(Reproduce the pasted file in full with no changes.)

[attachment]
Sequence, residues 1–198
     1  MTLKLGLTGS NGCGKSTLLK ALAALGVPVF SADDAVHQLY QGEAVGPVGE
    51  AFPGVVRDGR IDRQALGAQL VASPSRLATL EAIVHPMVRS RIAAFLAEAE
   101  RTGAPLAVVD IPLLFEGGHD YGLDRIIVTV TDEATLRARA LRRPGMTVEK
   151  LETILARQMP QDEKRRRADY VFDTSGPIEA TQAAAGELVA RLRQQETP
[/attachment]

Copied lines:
Sequence, residues 1–198
     1  MTLKLGLTGS NGCGKSTLLK ALAALGVPVF SADDAVHQLY QGEAVGPVGE
    51  AFPGVVRDGR IDRQALGAQL VASPSRLATL EAIVHPMVRS RIAAFLAEAE
   101  RTGAPLAVVD IPLLFEGGHD YGLDRIIVTV TDEATLRARA LRRPGMTVEK
   151  LETILARQMP QDEKRRRADY VFDTSGPIEA TQAAAGELVA RLRQQETP